As part of World Animal Protection’s Sea Change Week (4 -11th June) the international charity was at Westminster encouraging MPs to take action for marine animals.
Angus MP Mike Weir joined the campaign, which aims to end the devastating impact of ghost fishing gear on marine mammals and wildlife. (photo)
Ghost fishing gear refers to any fishing equipment or fishing related litter that has been abandoned, lost or otherwise discarded.
Most fishing gear is made out of plastic meaning that it persists in the oceans for centuries, accumulating year on year. World Animal Protection estimates that more than 136,000 seals, sea lions and large whales are killed by ghost fishing gear every year. An unimaginable number of birds, turtles, fish and other species are also injured and killed. In the UK, seals, minke whales, seabirds and dolphins are at particular risk.
The campaigning organisation dedicated the week to encouraging local beach users, coastal walkers, divers and ocean lovers to send evidence of ghost fishing gear that is littering their local coastline.
They asked the public to look for any type of fishing litter, such as rope or netting, collect it, upload a quick photo to our website and then dispose of it safely in a bin. All of the photo uploads will them be used by World Animal Protection when meeting with Government and seafood companies to discuss the devastating impact of this problem on the environment.
Commenting Mike Weir said
“Our coastal communities have a long association with fishing and, inevitably, despite the best efforts of crews some gear gets lost and ends up on our beaches. This is an important campaign to highlight the dangers such lost gear can cause and hopefully lead to greater efforts to remove it from our seas and beaches.”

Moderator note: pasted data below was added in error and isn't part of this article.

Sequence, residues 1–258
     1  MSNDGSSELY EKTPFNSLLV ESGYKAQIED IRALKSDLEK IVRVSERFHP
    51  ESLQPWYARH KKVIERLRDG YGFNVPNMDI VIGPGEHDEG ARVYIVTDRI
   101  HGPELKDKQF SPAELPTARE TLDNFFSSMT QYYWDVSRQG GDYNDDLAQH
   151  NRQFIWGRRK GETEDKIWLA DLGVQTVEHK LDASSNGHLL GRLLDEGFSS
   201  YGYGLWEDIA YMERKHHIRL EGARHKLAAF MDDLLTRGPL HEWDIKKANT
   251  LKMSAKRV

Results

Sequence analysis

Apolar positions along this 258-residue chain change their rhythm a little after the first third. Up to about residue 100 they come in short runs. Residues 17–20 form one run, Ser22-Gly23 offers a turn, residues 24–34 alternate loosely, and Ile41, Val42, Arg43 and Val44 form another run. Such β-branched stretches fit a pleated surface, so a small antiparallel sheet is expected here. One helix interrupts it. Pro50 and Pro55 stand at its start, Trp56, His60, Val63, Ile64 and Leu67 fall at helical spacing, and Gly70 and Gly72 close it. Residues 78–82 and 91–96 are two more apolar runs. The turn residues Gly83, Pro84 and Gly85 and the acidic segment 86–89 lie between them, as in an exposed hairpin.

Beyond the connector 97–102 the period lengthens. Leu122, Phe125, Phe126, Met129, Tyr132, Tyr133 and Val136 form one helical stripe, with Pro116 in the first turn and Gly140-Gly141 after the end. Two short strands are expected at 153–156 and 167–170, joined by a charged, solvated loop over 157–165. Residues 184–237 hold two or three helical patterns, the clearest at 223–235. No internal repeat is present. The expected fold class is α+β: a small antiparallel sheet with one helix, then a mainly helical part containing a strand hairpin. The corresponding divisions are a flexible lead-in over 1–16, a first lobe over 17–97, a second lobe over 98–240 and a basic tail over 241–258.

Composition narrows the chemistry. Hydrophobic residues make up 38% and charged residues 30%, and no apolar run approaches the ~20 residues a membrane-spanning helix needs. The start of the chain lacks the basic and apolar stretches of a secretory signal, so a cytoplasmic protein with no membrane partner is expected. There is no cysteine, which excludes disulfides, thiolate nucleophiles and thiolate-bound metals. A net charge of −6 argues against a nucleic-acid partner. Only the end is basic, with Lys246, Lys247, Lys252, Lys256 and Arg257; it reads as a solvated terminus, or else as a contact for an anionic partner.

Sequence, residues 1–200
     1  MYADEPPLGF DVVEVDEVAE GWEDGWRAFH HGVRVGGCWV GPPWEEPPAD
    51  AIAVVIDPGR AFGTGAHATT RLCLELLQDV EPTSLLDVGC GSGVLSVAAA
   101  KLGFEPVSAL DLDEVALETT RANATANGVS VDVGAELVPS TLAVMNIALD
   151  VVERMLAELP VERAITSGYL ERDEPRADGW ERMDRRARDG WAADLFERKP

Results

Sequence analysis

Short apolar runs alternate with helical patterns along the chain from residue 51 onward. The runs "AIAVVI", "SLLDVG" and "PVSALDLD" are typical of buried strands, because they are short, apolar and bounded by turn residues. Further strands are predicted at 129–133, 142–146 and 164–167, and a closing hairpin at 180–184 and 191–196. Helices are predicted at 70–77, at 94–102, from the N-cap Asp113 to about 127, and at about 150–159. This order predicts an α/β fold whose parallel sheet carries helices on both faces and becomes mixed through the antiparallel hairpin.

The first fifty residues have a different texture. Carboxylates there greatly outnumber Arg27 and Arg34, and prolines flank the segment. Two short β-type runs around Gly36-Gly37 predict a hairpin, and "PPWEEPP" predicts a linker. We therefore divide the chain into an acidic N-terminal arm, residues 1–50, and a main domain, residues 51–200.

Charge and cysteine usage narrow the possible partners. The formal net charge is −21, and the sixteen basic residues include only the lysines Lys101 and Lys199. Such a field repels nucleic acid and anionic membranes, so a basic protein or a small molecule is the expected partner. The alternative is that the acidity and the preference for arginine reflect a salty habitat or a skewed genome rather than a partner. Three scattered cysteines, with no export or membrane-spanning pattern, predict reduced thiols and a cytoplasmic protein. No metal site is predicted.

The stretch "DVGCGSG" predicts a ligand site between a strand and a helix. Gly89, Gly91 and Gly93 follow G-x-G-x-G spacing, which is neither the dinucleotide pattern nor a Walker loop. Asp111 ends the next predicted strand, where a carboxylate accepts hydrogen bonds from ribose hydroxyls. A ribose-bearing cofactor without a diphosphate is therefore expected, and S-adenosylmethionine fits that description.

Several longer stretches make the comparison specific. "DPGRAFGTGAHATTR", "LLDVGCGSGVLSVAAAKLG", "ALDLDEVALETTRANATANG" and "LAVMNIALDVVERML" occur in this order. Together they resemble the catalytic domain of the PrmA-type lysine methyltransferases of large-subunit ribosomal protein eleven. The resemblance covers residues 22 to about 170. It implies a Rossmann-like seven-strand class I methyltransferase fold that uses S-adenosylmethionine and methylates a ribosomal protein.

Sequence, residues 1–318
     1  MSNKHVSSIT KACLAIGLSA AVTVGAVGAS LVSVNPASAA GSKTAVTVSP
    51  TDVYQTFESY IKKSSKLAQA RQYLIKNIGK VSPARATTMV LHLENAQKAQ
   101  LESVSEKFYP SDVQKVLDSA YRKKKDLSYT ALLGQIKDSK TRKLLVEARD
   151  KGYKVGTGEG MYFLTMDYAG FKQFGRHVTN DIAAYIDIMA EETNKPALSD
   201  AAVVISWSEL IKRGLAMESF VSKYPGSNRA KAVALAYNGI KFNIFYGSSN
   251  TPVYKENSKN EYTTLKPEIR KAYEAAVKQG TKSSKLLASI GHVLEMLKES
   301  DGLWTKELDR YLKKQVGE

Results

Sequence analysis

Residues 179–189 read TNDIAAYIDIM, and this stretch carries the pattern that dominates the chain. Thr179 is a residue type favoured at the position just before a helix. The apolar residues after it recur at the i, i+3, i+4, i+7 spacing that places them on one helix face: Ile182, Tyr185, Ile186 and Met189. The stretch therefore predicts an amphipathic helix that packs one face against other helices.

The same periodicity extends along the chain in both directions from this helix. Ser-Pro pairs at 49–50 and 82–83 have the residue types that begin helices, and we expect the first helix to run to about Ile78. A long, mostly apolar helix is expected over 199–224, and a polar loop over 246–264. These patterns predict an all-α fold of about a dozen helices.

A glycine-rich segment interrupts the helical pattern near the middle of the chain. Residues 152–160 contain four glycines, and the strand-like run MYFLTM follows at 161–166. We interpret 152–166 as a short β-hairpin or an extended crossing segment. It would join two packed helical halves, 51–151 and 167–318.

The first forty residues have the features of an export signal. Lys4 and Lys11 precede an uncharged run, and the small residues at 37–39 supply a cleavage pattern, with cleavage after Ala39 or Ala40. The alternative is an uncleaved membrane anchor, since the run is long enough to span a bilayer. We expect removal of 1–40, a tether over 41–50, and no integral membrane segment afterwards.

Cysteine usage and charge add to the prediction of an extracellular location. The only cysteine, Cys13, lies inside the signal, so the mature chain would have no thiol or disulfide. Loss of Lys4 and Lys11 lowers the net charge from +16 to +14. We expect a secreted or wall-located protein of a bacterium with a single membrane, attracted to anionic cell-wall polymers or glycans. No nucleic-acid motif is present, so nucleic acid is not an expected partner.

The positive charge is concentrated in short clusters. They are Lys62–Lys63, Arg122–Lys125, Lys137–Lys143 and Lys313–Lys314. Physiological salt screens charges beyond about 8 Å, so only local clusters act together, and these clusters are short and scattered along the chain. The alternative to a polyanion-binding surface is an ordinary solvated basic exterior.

Alyx Elliott, UK Sea Change Campaign Manager at World Animal Protection said:
“Ghost gear is one of the biggest threats to sea life. Whales, seals, turtles and birds can suffer slow and agonising deaths when they get trapped in ghost nets and other types of fishing litter.
We are grateful that Mike joined us during our time at Parliament and is supporting our Sea Change campaign.”
World Animal Protection is also asking members of the public to email their digital postcard to the Minister for the Marine Environment, George Eustice, requesting he prioritise the impact of ghost gear.
To find out more and how to log the ghost fishing gear you find on the beach or coastal environments visit www.worldanimalprotection.org/seachange
Photo: Mike Weir MP at the Sea Change photo call at Westminster with a model Dolphin made out of “Ghost Gear”
Ends For further information contact Sarah Dickinson 020 7 239 0632 / 07814 695 298 firstname.lastname@example.org
NOTES TO EDITOR:
Ghost fishing gear refers to any fishing equipment or fishing related litter that has been abandoned, lost or otherwise discarded; also referred to as ‘derelict fishing gear’ and/or ‘fishing litter’.
Ghost gear represents one of the biggest threats to animals in our oceans, entangling, injuring and killing millions of animals every year.
An estimated 640,000 tonnes of fishing gear – around 10% of total marine debris – is added to our oceans annually. Combined, it weighs more than the HMS Titanic.
Most fishing gear is made out of plastic meaning that it persists in the oceans for centuries, accumulating year on year. We estimate that more than 136,000 seals, sea lions and large whales are killed by ghost fishing gear every year. An unimaginable number of birds, turtles, fish and other species are also injured and killed.